It's lonely at the top for female leaders

Women, especially women of color, are less likely to feel included and taken seriously as they enter leadership roles, a new survey from the Society for Human Resource Management found.

For the report, the HR association surveyed 1,094 HR professionals, 1,017 individual contributors and 1,038 managers. 

Five findings from the survey:

1. Female managers are less likely to feel included in key networks at their organizations than male managers. Specifically, 65 percent of white female managers and 57 percent of female managers of color say they feel included in key networks, compared to 68 percent of male managers of color and 73 percent of white male managers. 

2. Only 56 percent of female managers of color reported they feel like they can talk about their personal life with others at work, compared to 70 percent of white female managers, 72 percent of male managers of color and 79 percent of white male managers.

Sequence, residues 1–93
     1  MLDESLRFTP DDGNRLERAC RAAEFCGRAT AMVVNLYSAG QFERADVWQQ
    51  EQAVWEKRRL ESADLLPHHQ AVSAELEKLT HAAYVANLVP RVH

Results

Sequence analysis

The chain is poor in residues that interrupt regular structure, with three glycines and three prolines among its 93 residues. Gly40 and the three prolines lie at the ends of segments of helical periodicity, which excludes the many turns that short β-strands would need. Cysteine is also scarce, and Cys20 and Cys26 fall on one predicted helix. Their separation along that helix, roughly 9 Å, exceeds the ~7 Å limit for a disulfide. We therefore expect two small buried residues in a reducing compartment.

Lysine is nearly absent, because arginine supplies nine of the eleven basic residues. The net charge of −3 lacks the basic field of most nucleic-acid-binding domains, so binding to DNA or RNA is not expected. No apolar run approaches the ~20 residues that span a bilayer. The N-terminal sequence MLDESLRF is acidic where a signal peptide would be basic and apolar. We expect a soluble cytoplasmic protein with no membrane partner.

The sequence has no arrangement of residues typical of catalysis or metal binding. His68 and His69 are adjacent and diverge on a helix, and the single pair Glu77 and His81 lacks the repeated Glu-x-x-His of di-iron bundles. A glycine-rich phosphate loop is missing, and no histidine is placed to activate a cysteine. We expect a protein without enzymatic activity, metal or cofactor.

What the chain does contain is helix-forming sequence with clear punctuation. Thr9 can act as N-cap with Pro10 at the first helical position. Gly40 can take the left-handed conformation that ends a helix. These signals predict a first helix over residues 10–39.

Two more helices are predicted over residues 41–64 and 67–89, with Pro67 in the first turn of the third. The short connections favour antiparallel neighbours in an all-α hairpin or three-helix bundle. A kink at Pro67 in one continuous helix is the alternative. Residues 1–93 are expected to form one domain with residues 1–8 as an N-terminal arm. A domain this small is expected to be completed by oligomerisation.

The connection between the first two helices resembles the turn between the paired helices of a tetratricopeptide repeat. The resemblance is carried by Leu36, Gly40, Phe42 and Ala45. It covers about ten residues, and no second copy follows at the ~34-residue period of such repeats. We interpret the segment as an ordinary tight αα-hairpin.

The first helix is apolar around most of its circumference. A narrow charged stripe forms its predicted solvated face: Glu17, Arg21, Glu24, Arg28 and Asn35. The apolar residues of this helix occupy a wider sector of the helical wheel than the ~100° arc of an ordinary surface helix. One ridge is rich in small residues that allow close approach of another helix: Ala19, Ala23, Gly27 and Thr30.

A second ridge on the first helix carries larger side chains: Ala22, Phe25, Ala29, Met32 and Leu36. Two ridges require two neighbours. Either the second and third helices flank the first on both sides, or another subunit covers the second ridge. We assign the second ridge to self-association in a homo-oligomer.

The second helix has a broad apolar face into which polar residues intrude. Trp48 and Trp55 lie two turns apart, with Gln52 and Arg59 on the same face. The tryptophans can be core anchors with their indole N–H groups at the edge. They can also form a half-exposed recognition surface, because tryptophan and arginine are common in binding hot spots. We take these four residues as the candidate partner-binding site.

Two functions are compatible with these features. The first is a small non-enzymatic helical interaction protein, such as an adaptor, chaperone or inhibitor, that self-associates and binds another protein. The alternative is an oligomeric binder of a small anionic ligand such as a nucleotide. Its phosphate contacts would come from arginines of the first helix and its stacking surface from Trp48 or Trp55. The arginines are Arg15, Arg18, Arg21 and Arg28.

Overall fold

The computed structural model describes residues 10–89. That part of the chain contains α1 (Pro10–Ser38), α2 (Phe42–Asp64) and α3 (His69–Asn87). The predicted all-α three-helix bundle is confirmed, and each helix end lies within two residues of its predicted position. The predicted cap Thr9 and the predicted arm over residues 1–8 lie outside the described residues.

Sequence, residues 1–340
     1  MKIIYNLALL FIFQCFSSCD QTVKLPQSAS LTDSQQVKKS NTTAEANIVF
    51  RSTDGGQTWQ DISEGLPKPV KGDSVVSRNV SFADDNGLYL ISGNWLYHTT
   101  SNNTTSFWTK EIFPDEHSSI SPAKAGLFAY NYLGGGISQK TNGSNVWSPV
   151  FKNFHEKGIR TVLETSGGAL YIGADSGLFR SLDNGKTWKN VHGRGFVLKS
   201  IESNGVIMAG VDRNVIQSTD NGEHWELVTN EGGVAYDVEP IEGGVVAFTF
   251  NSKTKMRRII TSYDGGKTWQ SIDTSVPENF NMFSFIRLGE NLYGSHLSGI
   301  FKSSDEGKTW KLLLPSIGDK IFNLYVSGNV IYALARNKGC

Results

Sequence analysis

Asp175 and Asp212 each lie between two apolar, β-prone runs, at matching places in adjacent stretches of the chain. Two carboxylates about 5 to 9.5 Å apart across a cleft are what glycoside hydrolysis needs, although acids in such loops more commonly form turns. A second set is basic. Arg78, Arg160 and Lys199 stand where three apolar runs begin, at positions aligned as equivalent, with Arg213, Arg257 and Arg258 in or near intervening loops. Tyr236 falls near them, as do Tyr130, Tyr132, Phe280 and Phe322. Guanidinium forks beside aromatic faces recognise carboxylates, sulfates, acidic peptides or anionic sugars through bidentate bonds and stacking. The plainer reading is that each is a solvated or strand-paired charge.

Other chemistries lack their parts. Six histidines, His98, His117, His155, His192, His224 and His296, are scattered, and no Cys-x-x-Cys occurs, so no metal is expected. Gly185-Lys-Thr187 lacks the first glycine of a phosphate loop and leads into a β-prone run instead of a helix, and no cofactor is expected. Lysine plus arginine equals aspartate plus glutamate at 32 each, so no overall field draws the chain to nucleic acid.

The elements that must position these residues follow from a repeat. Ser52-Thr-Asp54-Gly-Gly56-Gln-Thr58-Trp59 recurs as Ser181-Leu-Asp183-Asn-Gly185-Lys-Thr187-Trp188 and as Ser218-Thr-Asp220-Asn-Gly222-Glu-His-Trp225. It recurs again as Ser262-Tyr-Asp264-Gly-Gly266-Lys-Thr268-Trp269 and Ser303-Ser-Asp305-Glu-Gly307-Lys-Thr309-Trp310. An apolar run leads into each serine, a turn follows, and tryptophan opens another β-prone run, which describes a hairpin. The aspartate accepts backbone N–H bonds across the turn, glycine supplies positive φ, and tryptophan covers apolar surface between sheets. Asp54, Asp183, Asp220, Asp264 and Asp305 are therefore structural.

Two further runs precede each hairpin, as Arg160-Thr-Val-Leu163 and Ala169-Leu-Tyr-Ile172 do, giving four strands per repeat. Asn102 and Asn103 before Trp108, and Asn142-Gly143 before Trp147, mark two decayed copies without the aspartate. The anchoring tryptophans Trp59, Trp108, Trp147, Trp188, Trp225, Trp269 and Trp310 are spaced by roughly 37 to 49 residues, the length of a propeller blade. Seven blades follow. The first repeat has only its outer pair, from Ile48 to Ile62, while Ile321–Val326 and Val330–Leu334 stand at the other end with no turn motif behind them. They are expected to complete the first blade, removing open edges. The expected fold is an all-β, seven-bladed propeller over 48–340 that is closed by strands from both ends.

3. As women move from individual contributors to managers, they are more likely to believe women in their organization have fewer opportunities for career growth than men. 

4. Only 61 percent of women reported their supervisor encourages them to grow their career, compared to 71 percent of men.

5. Female managers with caregiving duties are more likely to have experienced a pandemic-related career setback. Thirty-five percent of female managers reported a career setback, compared to 26 percent of male peers. 

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